Last week I participated in my first debate as an MP after giving my maiden speech. It's not actually that easy to get to speak in Parliament on every issue that you want to. Firstly, you can only speak on the Bill or issue that is currently being debated and that of course depends on what legislation is being put through Parliament at the time. Secondly, a certain amount of time is reserved for front bench spokespeople who understandably get a significant chunk of time in any debate. After that it is literally a lottery.
The terminology used in order to be called to speak is for the MP to "catch the speakers eye" which translates in practical terms into writing to the Speaker in advance and hoping that the reasons you give for wanting to be called in a particular debate are good enough. For example, you may say that the Bill in question has a particular impact on the constituency or individual constituents or that you have some relevant experience or knowledge about the subject from before you were elected. Obviously lots of MPs will have many different but valid reasons for being called in a debate and more often than not debates will be oversubscribed. I understand that in those circumstances it literally is a lottery although if you have recently requested to speak and not been called that will increase your chances. MP's can also apply for adjournment debates which take place for half an hour at the end of each day. These can be on any subject the MP raises but within the time allotted it is difficult to do the subject matter justice.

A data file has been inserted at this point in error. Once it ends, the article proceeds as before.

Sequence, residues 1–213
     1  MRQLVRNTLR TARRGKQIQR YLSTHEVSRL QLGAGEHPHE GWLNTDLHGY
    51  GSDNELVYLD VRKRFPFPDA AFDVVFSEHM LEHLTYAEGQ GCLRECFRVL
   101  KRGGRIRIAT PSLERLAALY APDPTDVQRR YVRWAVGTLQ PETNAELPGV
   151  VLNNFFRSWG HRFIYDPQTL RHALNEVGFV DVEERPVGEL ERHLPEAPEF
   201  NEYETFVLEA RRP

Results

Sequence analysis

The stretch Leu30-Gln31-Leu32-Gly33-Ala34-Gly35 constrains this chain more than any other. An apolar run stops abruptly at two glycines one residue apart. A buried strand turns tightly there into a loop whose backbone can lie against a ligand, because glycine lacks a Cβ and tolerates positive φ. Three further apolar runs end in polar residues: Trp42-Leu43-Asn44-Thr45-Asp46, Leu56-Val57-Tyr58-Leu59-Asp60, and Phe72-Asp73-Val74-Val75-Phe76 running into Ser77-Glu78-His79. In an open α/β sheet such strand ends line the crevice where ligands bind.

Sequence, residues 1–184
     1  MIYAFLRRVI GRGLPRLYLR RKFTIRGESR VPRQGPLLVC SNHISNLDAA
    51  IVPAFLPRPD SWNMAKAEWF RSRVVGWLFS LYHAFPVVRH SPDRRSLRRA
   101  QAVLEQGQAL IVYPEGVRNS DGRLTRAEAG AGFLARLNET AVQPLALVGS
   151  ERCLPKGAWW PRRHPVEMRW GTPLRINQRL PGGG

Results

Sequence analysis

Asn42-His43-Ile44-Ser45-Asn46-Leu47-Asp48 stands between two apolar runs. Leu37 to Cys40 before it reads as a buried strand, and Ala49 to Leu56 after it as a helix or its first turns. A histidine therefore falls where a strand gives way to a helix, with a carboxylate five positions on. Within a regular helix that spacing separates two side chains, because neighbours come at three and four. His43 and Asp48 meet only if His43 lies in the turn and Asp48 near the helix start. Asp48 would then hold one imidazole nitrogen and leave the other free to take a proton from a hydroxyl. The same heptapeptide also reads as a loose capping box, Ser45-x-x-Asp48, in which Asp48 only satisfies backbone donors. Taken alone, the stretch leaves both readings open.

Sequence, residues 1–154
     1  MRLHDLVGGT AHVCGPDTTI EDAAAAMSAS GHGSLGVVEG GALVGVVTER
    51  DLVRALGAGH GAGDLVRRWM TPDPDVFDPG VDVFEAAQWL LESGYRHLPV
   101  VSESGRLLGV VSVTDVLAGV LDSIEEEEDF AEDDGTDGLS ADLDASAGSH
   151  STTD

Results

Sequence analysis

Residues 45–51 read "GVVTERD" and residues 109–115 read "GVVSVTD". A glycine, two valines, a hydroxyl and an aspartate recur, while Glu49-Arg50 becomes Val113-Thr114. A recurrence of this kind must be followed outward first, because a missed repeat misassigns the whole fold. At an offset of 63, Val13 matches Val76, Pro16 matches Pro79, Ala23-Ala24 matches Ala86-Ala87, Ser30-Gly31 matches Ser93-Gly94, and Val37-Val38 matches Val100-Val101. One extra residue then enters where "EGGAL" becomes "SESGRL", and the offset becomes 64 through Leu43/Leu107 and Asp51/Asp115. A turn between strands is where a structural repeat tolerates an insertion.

Aside from the main chamber there are also debates in Westminster Hall which is where MP's can request debates take place on any subject they wish to see discussed. There are only a limited number of slots and so far my requests have been unsuccessful. However, I did participate in a debate about English votes for English Laws and the impact on North Wales. The basic issue is that many people live on one side of the England and Wales border but work on the other. People cross the border for medical treatment and to access other services and of course transport is truly cross border but there seems to be little recognition that those affected on both sides of the border still need to have their views considered.
The timing of this debate was good as he following day we were presented with proposals for "English votes for English Laws". With further devolution proposed in Scotland and Wales as well as some parts of England, now is the time to look at he way Parliament operates. However, the Government intend to make this law within the next two weeks without any consultation and to me it looks like a complicated mess designed to entrench a Tory majority rather than a serious attempt to rebalance the constitution. There is certainly nothing in it which will deal with the issues I highlighted regarding North Wales.
There was lovely weather this weekend which was just as well as I attended a number of Summer Fairs. I visited both St. John 's and St Paul's before heading off to Neston where it seemed the whole town had come out for their Summer fete. On the Sunday I attend the Mayor of Ellesmere Port's Civic Service held at St Thomas's where Gordon McGuiness gave his customary thought provoking sermon.